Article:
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No choice, but Syrian refugee in Vancouver considers herself the 'luckiest'

Mai Eilia (Credit: The Canadian Press).

VANCOUVER — Mai Eilia asks one question when she sends Facebook messages to friends in her war-ravaged homeland of Syria: "Are you still alive?"

"When you ask someone you know this question, you know how bad it is," she said from her apartment in  downtown Vancouver. "'Are you still alive?' Barely. They're barely alive."

In contrast to the crowds now trying desperately to reach freedom, Eilia easily claimed asylum using a tourist visa to enter Canada two years ago.

"I'm one of the luckiest people you will ever find in the whole world, seriously," she said.

Canada's response to the Syrian refugee crisis has only recently become a major issue as other countries grapple with the same challenge.

Since civil war broke out in 2011, more than four million Syrians have escaped. Canada had resettled 2,374 people as of late August, according to Citizenship and Immigration Canada.

Eilia nearly forgot she had a golden ticket.

The conflict erupted at the same time she was suffering her own crisis — divorce and the end of an employment contract in Dubai.

All she wanted was the comfort of her family in Aleppo, her hometown and Syria's largest city. Instead, Syrian President Bashar Assad's regime threatened the life of her father, an activist with the banned, left-wing Democratic People's Party.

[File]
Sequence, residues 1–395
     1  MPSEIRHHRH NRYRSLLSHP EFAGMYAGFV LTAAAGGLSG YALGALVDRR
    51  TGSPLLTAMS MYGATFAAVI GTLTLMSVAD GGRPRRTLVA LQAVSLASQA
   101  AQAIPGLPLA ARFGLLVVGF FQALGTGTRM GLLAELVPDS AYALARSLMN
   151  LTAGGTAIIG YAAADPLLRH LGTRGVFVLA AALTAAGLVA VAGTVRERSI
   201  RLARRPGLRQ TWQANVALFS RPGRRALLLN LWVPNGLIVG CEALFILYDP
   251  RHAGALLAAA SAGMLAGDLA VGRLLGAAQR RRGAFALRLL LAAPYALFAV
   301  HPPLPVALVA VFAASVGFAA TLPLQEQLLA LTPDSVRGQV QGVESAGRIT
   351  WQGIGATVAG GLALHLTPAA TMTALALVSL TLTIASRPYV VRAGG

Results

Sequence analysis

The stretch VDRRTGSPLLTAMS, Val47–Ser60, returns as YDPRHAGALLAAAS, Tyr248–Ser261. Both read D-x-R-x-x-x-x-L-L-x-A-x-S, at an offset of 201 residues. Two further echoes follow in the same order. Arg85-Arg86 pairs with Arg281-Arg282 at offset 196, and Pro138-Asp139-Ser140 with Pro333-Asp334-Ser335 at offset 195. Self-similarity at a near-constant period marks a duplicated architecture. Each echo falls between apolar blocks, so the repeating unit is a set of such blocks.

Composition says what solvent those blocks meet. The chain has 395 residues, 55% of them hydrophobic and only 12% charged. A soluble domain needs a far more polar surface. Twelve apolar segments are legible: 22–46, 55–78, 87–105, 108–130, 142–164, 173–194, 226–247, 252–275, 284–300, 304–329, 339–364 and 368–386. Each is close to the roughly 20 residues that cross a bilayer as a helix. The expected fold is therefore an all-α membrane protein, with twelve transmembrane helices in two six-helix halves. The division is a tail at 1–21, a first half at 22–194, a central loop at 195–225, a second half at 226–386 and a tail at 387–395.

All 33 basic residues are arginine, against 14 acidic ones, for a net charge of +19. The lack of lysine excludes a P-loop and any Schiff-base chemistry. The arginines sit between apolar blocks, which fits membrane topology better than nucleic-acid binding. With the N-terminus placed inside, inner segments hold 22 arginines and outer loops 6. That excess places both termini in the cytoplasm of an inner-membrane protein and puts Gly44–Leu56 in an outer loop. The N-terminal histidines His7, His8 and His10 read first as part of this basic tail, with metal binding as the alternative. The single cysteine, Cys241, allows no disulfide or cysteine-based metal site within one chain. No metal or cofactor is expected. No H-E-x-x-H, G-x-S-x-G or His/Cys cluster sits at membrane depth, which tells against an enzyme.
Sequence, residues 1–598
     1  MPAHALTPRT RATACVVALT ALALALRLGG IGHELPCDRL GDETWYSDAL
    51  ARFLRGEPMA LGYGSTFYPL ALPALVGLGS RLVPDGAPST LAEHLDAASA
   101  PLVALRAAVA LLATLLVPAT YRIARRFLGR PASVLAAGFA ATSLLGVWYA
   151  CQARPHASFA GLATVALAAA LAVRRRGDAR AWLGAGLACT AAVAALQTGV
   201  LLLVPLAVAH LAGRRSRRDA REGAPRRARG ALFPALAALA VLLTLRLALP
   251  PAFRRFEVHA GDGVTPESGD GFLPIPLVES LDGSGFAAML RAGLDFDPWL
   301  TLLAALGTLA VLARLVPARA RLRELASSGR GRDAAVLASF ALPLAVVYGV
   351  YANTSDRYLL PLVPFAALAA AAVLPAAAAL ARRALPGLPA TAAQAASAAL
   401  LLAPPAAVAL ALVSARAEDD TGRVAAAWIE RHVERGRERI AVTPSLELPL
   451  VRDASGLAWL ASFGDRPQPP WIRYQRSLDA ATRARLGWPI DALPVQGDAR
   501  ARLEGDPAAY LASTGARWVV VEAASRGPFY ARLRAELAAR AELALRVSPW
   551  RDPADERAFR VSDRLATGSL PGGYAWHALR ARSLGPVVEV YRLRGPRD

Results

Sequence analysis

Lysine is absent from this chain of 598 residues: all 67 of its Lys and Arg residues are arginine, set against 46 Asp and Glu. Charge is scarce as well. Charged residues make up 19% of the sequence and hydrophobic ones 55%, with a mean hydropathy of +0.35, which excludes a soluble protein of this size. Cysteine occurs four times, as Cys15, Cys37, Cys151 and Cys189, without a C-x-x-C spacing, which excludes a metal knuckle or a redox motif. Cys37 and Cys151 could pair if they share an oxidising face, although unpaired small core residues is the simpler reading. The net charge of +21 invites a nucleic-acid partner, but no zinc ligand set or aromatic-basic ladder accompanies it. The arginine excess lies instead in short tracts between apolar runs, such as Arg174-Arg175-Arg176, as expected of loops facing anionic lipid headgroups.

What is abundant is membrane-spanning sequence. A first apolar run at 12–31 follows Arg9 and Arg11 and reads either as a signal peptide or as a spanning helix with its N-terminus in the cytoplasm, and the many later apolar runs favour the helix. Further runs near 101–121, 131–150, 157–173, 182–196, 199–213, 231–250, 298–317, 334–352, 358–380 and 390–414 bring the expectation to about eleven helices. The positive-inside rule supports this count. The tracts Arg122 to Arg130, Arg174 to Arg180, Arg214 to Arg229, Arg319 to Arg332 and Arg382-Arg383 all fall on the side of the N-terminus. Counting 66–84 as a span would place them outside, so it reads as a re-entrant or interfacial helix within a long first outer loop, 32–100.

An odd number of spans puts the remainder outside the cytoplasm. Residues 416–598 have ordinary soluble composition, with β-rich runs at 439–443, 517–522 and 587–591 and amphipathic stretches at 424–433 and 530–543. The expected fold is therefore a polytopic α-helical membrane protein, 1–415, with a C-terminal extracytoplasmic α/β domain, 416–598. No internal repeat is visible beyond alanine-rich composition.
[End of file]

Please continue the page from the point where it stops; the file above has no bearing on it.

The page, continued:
"Our house was abandoned, my mom and dad had left the city, I had no one there," she said. "(The Islamic State movement) was fighting, the regime was fighting, it was completely a war zone."

But somehow — she'll never know how — she had obtained a valid Canadian tourist visa, granted in 2012 when many of her friends and relatives had been denied.

Eilia was accepted into Canada through Montreal's airport in December 2013 and immediately applied for asylum. She then became the conduit for her brother, sister and two nephews to make the same claims.

She found a job at a Vancouver advertising agency and expects her permanent residency in about one year.

Eilia is grateful, but feels stigmatized by the refugee classification.

"I'm not second class. I'm very well educated. I can speak three languages. I travelled all over the world," she said firmly.

"These people, me, we don't have any choice. We don't have any option. I want people here in Canada and all over the world to just put themselves, for a minute, in our shoes."

Eilia's voice softened as she lifted up a multi-coloured tablecloth — her only physical connection to her parents, who still live along the Syrian-Turkish border.

It's a handmade, traditional piece that her mother bought in Damascus.

"It's the only thing that I have, right now, from back home."

Eilia said she's angry about the humanitarian crisis because countries with power to act remain silent about what caused it — the war.

"I'm not political, but I understand that there's a war and someone has to do something about it," she said. "They stopped so many other wars before. Why can't they stop this one?"

Tamsyn Burgmann, The Canadian Press

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